Two Main Types of “Illustration”

I recognize that there are multiple legitimate ways of “illustrating” a sermon, although I suspect the helpful options are sometimes more limited than we might imagine.  I sometimes prefer to think in terms of explanations, proofs or applications rather than the more generic term “illustrations” (which can and does slide into time-fillers, interest-adders or expected-anecdotes . . . all of which I would resist).  To simplify things, I think there are essentially two sources of helpful “illustration” that we should always look at.

1. The Contemporary Life Example.  How did Jesus illustrate?  Generally not with other biblical passages/stories (and this to very Bible aware Jews, totally unlike the increasingly biblical illiterate listeners of today).  Nor with historical examples (and this to a very historically oriented people).  But with everyday examples that listeners could easily relate to.  Good illustrative material comes from the everyday experiences we can describe and use to help people to understand biblical truth, or visualise themselves applying the message.

2. The Inherent Textual Imagery.  Generally speaking, Jesus was teaching new and direct truth, we are teaching Bible passages.  So the other main category of “illustration” material is the imagery right in the text itself.  Help people to see what the passage is saying (whenever possible use the imagery implied by the passage itself rather than rushing to another passage, or rushing to some “interesting” extra-biblical material).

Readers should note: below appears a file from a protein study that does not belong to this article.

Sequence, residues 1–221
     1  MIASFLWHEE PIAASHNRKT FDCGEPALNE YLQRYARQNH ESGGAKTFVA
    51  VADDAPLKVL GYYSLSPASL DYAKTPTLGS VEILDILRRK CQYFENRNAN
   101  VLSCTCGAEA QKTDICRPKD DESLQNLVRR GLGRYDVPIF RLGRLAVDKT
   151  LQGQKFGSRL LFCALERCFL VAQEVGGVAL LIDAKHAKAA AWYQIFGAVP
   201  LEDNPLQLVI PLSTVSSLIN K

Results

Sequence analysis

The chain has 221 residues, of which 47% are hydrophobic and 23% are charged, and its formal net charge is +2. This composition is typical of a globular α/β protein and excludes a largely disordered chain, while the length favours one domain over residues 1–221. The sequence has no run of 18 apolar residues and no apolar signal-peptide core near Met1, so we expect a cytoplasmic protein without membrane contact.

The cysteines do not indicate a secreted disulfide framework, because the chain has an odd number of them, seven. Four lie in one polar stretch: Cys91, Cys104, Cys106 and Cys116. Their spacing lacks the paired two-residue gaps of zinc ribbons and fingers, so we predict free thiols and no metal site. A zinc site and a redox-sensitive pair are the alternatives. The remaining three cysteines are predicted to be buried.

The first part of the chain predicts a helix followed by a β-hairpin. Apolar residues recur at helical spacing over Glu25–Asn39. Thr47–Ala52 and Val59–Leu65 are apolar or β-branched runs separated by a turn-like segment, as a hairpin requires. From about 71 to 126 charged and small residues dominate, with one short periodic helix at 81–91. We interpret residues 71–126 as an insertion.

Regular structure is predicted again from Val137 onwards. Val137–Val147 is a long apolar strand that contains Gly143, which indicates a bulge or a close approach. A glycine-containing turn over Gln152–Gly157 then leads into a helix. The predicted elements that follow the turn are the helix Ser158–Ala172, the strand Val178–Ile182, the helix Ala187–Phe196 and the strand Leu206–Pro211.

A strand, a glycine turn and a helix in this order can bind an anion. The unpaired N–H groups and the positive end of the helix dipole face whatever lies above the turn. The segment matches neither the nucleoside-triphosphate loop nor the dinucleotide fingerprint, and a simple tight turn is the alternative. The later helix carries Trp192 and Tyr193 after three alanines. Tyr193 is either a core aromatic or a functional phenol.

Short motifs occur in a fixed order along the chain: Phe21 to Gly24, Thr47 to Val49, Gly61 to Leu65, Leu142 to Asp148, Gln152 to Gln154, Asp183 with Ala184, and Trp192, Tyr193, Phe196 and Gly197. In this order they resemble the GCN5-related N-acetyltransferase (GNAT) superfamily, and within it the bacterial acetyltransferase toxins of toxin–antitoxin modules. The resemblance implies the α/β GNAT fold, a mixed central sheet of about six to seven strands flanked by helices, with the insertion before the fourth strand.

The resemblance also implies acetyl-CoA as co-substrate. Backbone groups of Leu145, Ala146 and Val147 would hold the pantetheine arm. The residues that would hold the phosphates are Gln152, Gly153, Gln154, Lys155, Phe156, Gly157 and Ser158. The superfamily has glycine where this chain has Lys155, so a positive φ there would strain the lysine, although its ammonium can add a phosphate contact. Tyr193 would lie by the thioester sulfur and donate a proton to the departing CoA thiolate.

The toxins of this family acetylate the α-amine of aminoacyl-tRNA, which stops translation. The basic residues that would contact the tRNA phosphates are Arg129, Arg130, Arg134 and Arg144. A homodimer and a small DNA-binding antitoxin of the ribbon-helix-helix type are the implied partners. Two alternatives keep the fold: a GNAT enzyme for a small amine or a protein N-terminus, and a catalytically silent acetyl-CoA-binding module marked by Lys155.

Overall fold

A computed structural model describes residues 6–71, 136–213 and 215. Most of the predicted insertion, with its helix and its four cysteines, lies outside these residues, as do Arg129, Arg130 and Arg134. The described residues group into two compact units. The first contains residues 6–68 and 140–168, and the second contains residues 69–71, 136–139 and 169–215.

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2 thoughts on “Two Main Types of “Illustration”

  1. I completely agree that we are far too prone to leave the illustrations found in the text and go off in search of our own. However, how would you recommend illustrating passages where Jesus didn’t include illustrative material, such as the beatitudes?

    • Thanks Dave. I would say that we should do whatever works. That is, the goal is neither to illustrate nor to not illustrate, but to seek to communicate and re-present the text effectively. If “illustration” would help, then by all means, do so.

      Regarding illustration or imagery found in the text, some preachers overlook a layer of material. If there isn’t an actual illustration being used, they jump to contemporary illustrations. But there is a layer in between. That is, does Jesus use terms that evoke imagery? Poor in spirit, persecute, mourn, etc. Actually the beatitudes are full of imagery-intensive language. So I would let that be a prompt, rather than treating it as mere proposition devoid of illustration, if you see what I mean.

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